Imagine a show bursting with clever inventions, hands-on workshops and innovative ideas to give thousands of young people a glimpse of the exciting and rewarding opportunities to be found in the world of Science, Technology, Engineering and Maths. Well, that’s precisely what you’ll find at The Big Bang Science & Engineering Fair – one of the largest events to celebrate STEM for young people. Exhibitors at the fair include some of the UK’s most influential design and engineering companies such as Rolls Royce, Airbus Group, and Atkins, as well as hands-on workshops by Space agencies and the NHS.
Amongst exhibitors at the Big Bang Fair 2016 was the comparatively low-tech ‘Project Wallk’ workshop. Project Wallk is a social venture fuelled by the seemingly humble vision that “The chance to walk should be offered to all.” But for many children with walking impairments who live in developing regions of the world there is often no access to healthcare and as a result getting hold of a much needed walking aid is not easy. A walking aid can enable a child to attend school, integrate in the community and escape the disability-poverty cycle, so the mission of Project Wallk is to offer a long-term and affordable solution for mobility rehabilitation across developing regions of the world.
The majority of designers and engineers in the UK tend to focus on developing products/services for consumers with disposable income (the top 10% of people in the world). Facilitators at the Project Wallk workshop were focused on teaching young visitors about designing appropriately for ‘the other 90%’ (the billions of people who don’t even have their basic food and water, shelter, sanitation, education, and healthcare needs met). The main hands-on activity being run at the workshop was a product assembly challenge, to put together various walking aids from the innovative Evolvable Walking Aid Kit. The kit consists of a set of locally manufacturable parts made from half a wooden pallet and up to 24 cable ties, which can be assembled to form a walking frame, crutches or a walking stick. The whole kit can be locally produced in a sustainable manner using simple hand tools and it will adapt to correctly support a child throughout their mobility rehabilitation process…for just 68 pence!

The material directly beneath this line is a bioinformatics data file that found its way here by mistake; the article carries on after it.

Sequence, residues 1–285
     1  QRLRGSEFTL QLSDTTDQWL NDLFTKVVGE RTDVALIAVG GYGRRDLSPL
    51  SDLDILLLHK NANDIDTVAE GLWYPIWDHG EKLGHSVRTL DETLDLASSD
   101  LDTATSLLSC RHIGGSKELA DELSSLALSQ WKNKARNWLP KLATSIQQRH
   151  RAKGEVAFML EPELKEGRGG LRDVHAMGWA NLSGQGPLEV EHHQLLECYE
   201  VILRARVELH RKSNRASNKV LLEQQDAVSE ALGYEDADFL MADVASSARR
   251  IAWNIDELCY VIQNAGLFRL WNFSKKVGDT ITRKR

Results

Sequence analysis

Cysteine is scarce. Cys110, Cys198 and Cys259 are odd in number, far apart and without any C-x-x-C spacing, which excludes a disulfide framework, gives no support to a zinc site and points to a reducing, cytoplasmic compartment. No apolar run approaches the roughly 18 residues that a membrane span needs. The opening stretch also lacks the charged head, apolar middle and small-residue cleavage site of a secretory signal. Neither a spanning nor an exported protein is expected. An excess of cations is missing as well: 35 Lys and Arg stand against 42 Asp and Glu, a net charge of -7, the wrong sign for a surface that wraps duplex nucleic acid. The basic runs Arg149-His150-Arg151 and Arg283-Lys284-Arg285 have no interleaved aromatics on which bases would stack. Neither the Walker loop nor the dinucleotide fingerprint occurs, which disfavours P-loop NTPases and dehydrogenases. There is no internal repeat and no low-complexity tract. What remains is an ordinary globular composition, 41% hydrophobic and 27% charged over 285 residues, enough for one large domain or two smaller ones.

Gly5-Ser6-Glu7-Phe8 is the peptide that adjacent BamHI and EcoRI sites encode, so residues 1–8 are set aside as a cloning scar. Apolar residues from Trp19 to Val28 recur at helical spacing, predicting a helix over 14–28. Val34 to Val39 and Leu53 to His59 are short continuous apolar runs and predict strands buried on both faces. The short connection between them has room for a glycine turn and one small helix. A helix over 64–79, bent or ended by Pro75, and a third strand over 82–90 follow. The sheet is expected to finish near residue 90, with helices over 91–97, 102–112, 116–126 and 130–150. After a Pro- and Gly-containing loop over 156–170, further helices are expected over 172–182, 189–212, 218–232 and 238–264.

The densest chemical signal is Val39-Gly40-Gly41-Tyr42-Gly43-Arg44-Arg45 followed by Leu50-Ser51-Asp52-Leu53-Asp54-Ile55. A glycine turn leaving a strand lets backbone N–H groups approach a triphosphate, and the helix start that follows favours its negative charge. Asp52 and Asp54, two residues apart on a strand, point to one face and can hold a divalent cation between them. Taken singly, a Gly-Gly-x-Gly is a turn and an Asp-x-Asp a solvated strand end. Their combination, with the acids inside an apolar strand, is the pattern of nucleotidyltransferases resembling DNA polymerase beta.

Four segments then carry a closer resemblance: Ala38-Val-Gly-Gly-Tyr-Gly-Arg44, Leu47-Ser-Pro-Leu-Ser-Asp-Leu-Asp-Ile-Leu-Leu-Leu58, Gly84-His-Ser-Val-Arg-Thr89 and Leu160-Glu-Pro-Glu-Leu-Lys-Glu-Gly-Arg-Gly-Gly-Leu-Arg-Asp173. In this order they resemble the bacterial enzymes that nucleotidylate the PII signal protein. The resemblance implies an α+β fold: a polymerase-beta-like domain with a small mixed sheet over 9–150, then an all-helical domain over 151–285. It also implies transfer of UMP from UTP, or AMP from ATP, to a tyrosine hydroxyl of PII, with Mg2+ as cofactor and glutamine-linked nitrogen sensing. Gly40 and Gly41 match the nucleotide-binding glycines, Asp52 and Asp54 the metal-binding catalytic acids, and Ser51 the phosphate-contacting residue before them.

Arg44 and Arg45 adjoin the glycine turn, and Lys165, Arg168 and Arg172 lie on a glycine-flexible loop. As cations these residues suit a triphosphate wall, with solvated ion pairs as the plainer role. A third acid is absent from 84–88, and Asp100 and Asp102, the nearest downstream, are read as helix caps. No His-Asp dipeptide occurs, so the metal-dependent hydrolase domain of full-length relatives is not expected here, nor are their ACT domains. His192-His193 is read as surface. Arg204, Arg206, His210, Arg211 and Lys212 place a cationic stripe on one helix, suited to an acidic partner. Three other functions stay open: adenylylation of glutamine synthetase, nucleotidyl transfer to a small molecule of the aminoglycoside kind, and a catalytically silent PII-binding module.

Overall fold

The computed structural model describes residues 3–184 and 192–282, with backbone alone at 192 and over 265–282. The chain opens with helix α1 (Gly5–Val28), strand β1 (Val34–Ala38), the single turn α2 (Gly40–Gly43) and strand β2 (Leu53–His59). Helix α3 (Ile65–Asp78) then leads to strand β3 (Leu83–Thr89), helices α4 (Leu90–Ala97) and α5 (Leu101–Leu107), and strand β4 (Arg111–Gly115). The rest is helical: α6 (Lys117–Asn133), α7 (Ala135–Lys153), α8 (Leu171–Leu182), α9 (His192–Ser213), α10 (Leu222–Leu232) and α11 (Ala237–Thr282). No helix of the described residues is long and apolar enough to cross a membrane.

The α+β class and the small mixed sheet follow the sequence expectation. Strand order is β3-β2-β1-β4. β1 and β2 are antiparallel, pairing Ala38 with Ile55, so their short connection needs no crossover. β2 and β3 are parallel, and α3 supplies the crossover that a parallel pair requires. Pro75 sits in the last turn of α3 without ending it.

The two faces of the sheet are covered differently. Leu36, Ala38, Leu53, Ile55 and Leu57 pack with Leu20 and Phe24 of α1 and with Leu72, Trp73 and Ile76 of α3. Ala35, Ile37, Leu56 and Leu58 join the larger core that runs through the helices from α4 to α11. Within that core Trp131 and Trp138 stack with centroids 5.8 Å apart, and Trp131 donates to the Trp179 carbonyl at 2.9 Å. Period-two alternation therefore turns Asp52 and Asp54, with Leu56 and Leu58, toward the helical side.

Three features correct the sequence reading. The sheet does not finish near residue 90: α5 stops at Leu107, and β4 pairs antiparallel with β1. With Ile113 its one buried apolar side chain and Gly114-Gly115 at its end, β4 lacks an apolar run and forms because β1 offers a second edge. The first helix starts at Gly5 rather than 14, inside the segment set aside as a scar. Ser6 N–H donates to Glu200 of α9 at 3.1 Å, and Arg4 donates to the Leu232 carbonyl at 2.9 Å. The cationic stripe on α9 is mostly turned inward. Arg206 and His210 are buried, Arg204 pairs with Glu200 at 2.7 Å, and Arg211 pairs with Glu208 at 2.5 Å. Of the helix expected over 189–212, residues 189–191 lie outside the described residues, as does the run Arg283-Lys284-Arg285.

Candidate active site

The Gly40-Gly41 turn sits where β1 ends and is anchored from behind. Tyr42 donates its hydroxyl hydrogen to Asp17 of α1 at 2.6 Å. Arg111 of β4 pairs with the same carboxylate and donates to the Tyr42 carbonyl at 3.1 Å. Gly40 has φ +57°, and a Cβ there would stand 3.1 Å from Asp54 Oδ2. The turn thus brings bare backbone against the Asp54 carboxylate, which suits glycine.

Throughout the Big Bang Fair, feedback was collected about the Evolvable Walking Aid Kit’s visual assembly instructions, to ensure it will be as intuitive as possible to assemble. The fair proved to be a great platform for Project Wallk to simultaneously collect design feedback and share their passion with such a large young audience, whilst inspiring the next generation of innovators to focus on solving humanity’s biggest design challenges.
You can follow the progress of Project Wallk at www.facebook.com/Meru.llama